Telstra Corporation Ltd (ASX: TLS) has cut its dividend in the half year report to 31 December 2018, what will the share price do?
Telstra is Australia’s largest and oldest telecommunications business, having built the first telegraph line in 1854. Today, it provides more than 17 million retail mobile services, nearly 5 million retail fixed voice services (e.g. home phones) and 3.6 million broadband services. It also has operations stretching across eHealth, network applications and subsea cabling. Starting in 1997 (until 2006), the Australian Government sold Telstra to Australian investors via the ASX. The second batch of Government share sales, called “T2”, was conducted in 1999 at $7.40 per share.
Telstra Report and Dividend Cut
Telstra has announced a dividend cut of about 27% to 8 cents per share, down from 11 cents per share a year earlier.
Why did this happen? Earnings per share (EPS) fell by 27.8% to 10.4 cents, net profit dropped by 27.4% to $1.2 billion, EBITDA declined by 16.4% to $4.3 billion (click here to learn what EBITDA is) and total income was down 4.1% to $13.8 billion.
Telstra said that excluding the NBN and in the context of current market conditions, the underlying Telstra business performed well adding 239,000 retail postpaid services. Telstra Wholesale added 125,000 mobile services that were a mix of prepaid and postpaid. Internet of Things revenue grew by 35.6%.
On the costs side of things, Telstra managed to reduce underlying fixed costs by $162 million in the first half, which is part of a large job reduction plan.
How did Telstra calculate the dividend?
Telstra’s new policy is to pay a fully franked ordinary dividend of between 70% to 90% of underlying earnings and to return around 75% of future net one-off NBN receipts. That’s why Telstra paid an ordinary dividend of 5 cents per share and a special dividend of 3 cents per share.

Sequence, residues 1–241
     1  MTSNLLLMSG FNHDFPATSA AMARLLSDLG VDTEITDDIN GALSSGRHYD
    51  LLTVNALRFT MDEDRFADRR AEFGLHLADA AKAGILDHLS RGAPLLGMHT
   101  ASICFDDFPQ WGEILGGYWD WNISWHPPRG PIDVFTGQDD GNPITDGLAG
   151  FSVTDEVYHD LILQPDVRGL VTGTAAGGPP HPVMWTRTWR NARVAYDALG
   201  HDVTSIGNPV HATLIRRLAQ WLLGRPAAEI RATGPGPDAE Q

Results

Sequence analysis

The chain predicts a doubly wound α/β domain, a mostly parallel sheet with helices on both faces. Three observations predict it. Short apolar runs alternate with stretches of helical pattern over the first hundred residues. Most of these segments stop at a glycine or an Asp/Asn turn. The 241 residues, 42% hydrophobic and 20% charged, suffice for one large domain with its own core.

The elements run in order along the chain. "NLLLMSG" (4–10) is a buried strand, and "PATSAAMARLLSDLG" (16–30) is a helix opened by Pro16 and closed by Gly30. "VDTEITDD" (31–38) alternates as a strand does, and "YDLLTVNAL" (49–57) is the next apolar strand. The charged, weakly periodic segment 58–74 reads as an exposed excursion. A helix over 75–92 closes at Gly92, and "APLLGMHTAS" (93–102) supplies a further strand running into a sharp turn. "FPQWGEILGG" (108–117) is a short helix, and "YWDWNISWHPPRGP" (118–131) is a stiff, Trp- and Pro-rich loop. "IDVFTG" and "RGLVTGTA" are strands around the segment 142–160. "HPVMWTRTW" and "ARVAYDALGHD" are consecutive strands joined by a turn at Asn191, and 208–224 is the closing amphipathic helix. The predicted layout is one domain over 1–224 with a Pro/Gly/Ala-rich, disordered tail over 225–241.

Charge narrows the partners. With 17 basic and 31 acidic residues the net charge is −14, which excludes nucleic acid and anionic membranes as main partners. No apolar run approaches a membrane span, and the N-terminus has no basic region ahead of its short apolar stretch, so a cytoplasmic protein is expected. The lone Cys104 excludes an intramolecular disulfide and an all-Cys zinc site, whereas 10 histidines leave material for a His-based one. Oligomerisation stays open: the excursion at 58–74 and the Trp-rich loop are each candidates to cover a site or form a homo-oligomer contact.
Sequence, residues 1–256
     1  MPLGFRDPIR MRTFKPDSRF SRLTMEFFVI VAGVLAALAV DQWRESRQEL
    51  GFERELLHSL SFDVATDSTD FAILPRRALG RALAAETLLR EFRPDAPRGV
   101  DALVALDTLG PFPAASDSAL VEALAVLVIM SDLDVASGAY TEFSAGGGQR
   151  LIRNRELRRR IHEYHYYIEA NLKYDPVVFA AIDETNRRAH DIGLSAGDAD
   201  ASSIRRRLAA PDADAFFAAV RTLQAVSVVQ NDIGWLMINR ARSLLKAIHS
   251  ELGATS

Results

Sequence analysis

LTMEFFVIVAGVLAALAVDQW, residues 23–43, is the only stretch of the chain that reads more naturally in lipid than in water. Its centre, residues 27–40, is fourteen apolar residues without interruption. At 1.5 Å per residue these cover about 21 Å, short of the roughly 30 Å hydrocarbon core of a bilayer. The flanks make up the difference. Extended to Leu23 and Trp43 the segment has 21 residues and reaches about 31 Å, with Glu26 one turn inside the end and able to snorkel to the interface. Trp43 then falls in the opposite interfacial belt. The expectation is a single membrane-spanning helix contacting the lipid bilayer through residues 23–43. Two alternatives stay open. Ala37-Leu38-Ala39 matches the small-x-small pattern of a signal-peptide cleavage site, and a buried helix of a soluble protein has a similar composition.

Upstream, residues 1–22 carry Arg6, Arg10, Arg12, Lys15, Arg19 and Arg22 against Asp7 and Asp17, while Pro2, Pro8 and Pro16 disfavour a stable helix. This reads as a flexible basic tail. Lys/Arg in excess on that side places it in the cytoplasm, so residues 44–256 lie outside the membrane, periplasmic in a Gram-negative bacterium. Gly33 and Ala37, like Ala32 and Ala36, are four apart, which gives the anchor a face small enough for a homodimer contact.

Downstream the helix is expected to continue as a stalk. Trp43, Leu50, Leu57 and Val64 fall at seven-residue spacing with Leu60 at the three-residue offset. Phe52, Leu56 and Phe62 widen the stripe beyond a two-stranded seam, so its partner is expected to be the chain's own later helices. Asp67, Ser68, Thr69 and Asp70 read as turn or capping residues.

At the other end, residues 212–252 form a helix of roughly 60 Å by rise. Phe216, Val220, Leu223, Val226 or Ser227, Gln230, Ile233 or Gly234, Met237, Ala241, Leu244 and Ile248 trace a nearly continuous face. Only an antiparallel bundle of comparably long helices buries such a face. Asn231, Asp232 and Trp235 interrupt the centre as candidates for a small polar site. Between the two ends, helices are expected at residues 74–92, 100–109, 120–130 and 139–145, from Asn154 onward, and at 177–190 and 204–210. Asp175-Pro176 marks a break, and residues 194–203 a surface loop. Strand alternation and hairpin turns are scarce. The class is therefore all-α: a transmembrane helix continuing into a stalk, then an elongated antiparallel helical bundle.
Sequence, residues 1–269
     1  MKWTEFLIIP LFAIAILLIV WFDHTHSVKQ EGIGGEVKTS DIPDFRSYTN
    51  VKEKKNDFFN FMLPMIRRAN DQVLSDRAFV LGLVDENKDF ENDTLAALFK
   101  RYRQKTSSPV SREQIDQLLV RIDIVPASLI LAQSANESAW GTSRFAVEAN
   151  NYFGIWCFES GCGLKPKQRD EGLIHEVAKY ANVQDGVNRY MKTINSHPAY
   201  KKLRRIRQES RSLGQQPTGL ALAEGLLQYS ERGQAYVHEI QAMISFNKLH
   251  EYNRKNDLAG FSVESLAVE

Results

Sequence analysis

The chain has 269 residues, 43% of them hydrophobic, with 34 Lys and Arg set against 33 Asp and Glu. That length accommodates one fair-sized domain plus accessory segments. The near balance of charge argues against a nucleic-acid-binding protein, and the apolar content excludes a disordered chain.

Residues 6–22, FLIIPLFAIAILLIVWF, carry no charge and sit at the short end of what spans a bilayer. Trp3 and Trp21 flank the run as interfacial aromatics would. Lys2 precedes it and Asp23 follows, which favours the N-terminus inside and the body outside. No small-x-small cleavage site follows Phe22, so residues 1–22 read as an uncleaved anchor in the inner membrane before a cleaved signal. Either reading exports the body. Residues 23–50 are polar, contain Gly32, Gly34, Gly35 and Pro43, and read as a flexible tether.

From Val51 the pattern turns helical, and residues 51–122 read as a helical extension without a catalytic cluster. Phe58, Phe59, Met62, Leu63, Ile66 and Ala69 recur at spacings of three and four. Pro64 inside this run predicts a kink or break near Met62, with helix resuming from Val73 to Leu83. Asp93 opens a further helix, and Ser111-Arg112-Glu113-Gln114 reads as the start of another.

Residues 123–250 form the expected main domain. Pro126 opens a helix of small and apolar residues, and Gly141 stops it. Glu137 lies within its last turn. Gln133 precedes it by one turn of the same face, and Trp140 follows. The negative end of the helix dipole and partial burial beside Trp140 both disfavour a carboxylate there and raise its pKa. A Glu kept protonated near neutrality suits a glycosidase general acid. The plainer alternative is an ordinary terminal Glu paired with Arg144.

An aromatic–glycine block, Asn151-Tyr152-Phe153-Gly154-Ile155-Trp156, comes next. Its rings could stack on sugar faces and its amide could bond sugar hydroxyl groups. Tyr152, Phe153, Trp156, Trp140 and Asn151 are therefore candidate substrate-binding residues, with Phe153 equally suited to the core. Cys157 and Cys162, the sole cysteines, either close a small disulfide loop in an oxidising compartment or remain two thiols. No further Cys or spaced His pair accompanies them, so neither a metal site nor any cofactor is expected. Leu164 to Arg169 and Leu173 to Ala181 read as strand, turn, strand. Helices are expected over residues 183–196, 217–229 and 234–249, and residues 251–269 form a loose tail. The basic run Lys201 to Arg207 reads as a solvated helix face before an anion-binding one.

Telstra CEO Andrew Penn said: “While today’s financial results show parts of our business continue to face short-term challenges, there are positive signs particularly with the significant increase in retail postpaid mobile services.”
Mr Penn also said that he was very confident about Telstra’s future because demand for telco products and services continues to grow and telecommunications infrastructure is only going to increase in importance over the next decade.
Telstra thinks that 5G will lead to an increase in average revenue per user (ARPU) from uptake and new services, which has happened with 4G and other Gs.
Is Telstra a buy?
Telstra said it is on track to reach its FY19 guidance of total income between $26.2 billion to $28.1 billion and EBITDA of $8.7 billion to $9.4 billion. Free cashflow is expected to be between $3.1 billion and $3.6 billion.
Assuming Telstra pays another 8 cents per share dividend in six months it now has a fully franked dividend yield of 5%.
Telstra’s future may look promising for when services like automated cars are out on the road, but until then Telstra may keep losing profit to competition from peers like TPG Telecom Ltd (ASX: TPM). For now, I don’t want to consider buying its shares until I learn about how Telstra will generate its earnings from 5G and the new services.
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Disclaimer: Any information contained in this article is limited to general financial/investment advice only. The information has not taken into account your specific needs, goals or objectives, so please consider consulting a licenced and trusted adviser before acting on the information. Please read The Rask Group’s Financial Services Guide (FSG) for more information. This article is authorised by Owen Raszkiewicz of The Rask Group, which is a corporate authorised representative No. 1264179 of Strawman Pty Ltd (ACN: 610 908 211) (AFSL: 501 223).